Acclaimed economist James Galbraith speaks on ethics of economic inequality

Renowned economist James K. Galbraith speaks on the ethics of economic inequality in the aftermath of the great financial crisis. The lecture, which is free and open to the public, comes at a time when economic inequality has sparked worldwide protests and is increasingly part of the nation’s political conversation.

This is the 9th annual Frank Bryant Jr., M.D., Memorial Lecture in Medical Ethics. Dr. Bryant believed in access to health care for all people, and he was an advocate for the medically underserved in East San Antonio.

The lecture is organized by the Center for Medical Humanities & Ethics at The University of Texas Health Science Center at San Antonio. It also receives funding from the Salinger-Forland Endowment.

Thursday, Oct. 20, 2011, at noon.

Holly Auditorium at the UT Health Science Center, 7703 Floyd Curl Drive, San Antonio.

Dr. Galbraith is a professor at The University of Texas at Austin, where he directs the Inequality Project. His recent research focuses on understanding and quantifying inequality in the world economy. He has authored a number of books, most recently “The Predator State,” and is a frequent media commentator on economic topics.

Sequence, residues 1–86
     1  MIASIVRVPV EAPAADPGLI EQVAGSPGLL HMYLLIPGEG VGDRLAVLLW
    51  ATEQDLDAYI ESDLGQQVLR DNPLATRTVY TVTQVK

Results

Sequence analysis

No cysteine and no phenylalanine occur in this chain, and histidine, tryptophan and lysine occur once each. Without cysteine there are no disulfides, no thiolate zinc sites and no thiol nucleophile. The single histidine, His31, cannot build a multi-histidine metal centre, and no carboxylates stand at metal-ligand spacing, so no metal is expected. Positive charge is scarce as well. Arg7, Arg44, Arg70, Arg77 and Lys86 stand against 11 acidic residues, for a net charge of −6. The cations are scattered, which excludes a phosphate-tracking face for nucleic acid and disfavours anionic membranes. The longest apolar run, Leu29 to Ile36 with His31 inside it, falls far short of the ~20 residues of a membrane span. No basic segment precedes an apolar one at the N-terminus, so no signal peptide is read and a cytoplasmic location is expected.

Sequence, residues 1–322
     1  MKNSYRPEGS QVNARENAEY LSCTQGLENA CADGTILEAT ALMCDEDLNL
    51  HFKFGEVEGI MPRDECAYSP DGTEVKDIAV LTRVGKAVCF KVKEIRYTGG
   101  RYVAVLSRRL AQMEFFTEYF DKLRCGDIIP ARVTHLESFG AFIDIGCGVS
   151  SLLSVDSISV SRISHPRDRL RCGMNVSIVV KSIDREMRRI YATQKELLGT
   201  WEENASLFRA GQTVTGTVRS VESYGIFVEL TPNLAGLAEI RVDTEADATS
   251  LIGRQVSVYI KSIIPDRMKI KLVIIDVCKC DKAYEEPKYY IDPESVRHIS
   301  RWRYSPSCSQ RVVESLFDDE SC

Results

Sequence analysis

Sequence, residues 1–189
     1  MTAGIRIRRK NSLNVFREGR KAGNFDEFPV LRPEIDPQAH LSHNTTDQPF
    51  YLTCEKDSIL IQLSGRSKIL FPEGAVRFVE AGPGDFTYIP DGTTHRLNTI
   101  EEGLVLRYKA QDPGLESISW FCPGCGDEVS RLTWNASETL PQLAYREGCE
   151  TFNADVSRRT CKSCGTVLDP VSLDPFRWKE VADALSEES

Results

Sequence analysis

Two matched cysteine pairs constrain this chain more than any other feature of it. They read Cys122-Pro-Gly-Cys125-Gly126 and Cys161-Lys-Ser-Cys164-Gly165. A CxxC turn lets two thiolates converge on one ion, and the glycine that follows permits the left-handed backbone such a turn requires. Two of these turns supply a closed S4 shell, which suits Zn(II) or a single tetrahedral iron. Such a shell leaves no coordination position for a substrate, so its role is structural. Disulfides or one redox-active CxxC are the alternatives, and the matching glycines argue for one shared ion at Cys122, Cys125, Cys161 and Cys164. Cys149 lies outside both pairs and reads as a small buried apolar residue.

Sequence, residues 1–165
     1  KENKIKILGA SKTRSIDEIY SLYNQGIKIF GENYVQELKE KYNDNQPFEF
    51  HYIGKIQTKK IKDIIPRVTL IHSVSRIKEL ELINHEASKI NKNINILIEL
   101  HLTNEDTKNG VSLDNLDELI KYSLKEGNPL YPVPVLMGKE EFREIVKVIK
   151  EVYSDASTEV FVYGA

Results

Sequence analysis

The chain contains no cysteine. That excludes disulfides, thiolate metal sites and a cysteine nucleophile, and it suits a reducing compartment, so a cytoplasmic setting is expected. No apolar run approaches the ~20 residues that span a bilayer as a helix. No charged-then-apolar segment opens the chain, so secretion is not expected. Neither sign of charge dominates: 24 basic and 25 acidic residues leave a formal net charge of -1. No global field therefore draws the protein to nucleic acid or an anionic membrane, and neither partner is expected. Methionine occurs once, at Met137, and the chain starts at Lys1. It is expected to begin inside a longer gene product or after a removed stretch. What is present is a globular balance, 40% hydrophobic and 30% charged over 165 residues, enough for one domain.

He is a senior scholar of the Levy Economics Institute of Bard College and board chair for Economists for Peace and Security. He previously served as executive director of the U.S. Congress Joint Economic Committee. He studied economics as a Marshall Scholar at King’s College, Cambridge, and holds degrees from Harvard and Yale.

The lecture will be followed by a reception and book signing. Copies of “The Predator State” will be available for sale.


The University of Texas Health Science Center at San Antonio, one of the country’s leading health sciences universities, ranks in the top 3 percent of all institutions worldwide receiving federal funding. Research and other sponsored program activity totaled $228 million in fiscal year 2010. The university’s schools of medicine, nursing, dentistry, health professions and graduate biomedical sciences have produced approximately 26,000 graduates. The $744 million operating budget supports eight campuses in San Antonio, Laredo, Harlingen and Edinburg. For more information on the many ways “We make lives better®,” visit

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